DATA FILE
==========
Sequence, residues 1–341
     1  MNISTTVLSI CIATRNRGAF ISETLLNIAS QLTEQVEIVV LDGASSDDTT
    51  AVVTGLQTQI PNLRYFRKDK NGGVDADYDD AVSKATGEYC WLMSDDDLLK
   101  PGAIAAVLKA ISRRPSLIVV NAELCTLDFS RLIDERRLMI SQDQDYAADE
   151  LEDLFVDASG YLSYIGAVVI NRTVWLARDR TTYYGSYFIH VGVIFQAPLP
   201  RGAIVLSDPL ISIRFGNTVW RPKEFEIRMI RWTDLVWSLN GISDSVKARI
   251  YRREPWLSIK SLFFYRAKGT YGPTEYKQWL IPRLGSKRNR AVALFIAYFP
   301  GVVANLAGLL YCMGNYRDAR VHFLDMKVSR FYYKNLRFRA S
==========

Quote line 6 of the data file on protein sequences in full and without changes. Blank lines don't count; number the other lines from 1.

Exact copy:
   201  RGAIVLSDPL ISIRFGNTVW RPKEFEIRMI RWTDLVWSLN GISDSVKARI